Archives for posts with tag: Luang Prabang

I have been completely taken by the textiles here. They’re vibrant and colorful, seemingly simple patterns meld to form complex ones. I can’t help walking through the night market and want every single piece of fabric I see. But I restrain myself, because I’m a little limited for space in my backpack. Not to mention funny money. Funny money: worse than credit cards.

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I was so excited when I found out that I could take a weaving class in Luang Prabang and learn from local master weavers. Forget the cricket loom; Freshy went full speed ahead with the floor loom. And it was AWESOME. I rarely put things in caps, people. This was AWESOME. Oh, look, I did it again. On this journey of self discovery and whatever, I have decided two things: One, I want a puppy. Two, I want a floor loom. Ok, the order is actually reversed. I need a floor loom. I need it now. I need it real bad. It has to be the second most addicting craft I’ve picked up next to knitting.

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Because it’s low season I was the only person in my class (not that I was complaining…). The first thing I learned about was where they get their silk from and how they dye it. They use the silk made from the Bombyx Mori Silkworm, which can produce over 300 meters of silk filament per cocoon.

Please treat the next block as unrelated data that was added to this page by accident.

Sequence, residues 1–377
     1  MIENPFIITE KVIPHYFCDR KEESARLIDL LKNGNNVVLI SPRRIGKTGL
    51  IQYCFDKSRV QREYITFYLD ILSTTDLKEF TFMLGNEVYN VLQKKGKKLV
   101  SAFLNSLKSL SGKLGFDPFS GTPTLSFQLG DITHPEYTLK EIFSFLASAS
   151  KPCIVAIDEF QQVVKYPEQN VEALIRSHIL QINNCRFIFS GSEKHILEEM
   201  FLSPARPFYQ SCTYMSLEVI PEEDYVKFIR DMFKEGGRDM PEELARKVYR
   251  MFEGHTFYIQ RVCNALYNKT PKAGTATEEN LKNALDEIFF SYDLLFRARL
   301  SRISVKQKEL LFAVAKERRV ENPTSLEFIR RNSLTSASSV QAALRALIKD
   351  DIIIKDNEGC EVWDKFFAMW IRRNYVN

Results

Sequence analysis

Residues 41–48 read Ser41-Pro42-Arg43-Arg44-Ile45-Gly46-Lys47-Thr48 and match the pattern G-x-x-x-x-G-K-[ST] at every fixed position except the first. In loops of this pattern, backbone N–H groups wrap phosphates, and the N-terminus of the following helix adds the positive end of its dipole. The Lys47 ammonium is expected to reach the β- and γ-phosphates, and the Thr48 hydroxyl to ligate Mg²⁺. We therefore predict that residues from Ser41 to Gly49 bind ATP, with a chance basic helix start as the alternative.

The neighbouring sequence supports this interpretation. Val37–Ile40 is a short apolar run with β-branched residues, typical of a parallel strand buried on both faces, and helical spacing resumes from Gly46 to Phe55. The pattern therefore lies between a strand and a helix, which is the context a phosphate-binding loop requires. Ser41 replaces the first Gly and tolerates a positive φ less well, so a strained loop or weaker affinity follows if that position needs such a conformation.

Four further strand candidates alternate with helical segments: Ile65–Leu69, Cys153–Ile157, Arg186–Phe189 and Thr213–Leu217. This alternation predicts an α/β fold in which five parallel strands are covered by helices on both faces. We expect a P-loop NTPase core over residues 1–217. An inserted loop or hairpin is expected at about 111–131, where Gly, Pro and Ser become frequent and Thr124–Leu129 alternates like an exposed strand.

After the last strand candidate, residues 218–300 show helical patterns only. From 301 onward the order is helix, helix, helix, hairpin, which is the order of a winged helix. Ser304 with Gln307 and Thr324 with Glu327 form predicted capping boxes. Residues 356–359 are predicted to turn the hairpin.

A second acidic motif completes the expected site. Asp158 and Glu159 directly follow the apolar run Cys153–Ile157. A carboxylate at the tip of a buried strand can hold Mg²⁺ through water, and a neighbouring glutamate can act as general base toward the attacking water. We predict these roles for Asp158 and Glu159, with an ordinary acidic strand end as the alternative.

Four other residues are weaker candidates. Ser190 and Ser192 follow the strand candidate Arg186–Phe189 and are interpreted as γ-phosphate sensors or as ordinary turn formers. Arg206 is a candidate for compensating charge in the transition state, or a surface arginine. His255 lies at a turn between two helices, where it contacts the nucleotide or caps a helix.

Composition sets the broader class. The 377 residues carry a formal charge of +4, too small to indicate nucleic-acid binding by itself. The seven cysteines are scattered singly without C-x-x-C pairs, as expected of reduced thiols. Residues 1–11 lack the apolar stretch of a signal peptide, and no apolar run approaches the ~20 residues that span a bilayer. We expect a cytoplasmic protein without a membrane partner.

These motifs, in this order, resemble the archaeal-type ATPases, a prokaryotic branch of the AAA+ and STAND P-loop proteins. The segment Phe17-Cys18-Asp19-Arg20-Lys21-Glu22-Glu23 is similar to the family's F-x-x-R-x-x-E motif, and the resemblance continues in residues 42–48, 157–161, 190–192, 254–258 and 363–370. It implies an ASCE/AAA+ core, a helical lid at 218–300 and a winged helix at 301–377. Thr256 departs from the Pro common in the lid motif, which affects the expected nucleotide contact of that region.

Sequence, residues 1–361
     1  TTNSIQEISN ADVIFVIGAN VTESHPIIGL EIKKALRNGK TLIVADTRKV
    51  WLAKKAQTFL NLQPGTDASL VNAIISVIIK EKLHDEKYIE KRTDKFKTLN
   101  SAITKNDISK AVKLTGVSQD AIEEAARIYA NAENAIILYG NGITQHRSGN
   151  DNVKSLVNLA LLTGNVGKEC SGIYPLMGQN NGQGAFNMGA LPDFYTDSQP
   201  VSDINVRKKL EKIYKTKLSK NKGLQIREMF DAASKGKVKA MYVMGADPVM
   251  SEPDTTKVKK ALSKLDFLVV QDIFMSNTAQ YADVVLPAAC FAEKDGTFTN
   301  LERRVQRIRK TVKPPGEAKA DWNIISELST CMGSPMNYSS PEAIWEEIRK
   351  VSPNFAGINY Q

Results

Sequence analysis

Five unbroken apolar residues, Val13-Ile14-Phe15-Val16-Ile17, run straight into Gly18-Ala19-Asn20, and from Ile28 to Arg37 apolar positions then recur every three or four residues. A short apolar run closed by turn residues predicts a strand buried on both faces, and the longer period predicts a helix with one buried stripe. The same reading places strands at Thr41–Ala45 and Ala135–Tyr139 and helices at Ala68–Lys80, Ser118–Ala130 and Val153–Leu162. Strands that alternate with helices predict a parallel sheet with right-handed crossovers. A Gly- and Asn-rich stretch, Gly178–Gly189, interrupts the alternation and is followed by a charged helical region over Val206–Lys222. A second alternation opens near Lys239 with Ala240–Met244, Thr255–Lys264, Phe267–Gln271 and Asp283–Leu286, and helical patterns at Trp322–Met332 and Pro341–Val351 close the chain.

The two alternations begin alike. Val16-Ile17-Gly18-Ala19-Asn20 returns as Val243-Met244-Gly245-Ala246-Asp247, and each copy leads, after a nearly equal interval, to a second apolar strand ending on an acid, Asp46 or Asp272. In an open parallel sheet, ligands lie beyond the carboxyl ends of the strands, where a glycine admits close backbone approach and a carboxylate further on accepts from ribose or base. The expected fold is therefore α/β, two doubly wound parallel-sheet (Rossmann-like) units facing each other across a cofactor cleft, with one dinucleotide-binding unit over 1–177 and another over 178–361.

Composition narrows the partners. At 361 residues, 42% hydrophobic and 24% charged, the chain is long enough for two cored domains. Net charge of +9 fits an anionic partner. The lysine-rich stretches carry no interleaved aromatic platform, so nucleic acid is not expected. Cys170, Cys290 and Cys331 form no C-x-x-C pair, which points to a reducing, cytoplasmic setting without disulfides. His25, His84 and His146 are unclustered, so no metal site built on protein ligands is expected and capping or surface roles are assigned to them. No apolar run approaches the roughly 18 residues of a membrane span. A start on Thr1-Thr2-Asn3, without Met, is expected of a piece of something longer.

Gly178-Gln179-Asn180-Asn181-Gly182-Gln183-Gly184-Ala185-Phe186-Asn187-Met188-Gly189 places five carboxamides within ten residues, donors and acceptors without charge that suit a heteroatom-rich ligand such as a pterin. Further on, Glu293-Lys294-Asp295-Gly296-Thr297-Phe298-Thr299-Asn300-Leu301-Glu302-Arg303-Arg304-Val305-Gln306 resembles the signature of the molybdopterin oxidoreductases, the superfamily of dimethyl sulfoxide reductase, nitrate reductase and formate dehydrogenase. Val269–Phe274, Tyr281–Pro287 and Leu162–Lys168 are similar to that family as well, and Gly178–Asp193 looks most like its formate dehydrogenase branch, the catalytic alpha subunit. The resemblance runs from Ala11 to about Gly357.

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They dyes that they use are all natural and come from tree bark, tree leaves, insect resin, fruits, and seeds. They combine them with mordants (component that sets the dye) which can be lye, limestone, mud, ash water and iron.

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I got to dye three small skeins of silk. We picked the leaves and the seeds from their garden and got to work boiling them in water, mixing them with the mordant and soaking the yarn in them.

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I have only ever dyed yarn at the Knot Hysteria retreats, so this was a great contrast to that. It was amazing to see how the silk took the colors. The water from the seeds was bright red, but as you can see, it produced a very bright orange skein.

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Before we started with the weaving lesson, I got a tour of their workshop, where many local women are employed and weave a variety of fabrics. Some were weaving simple scarves and some were doing amazingly complex tapestries. Each movement they made was swift and with purpose. There was no wasted energy that I could tell and they were cookin’! Even as they were working, though, they were talking and laughing amongst themselves, and it made me really miss craft nights with my friends.

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When I sat at my loom, I was absolutely bewildered. What are all these strings?! How does this work?! Why do my edges suck?! It was definitely a crash course on weaving, but it was so much fun and so rewarding to see the pattern motif take shape on my scarf.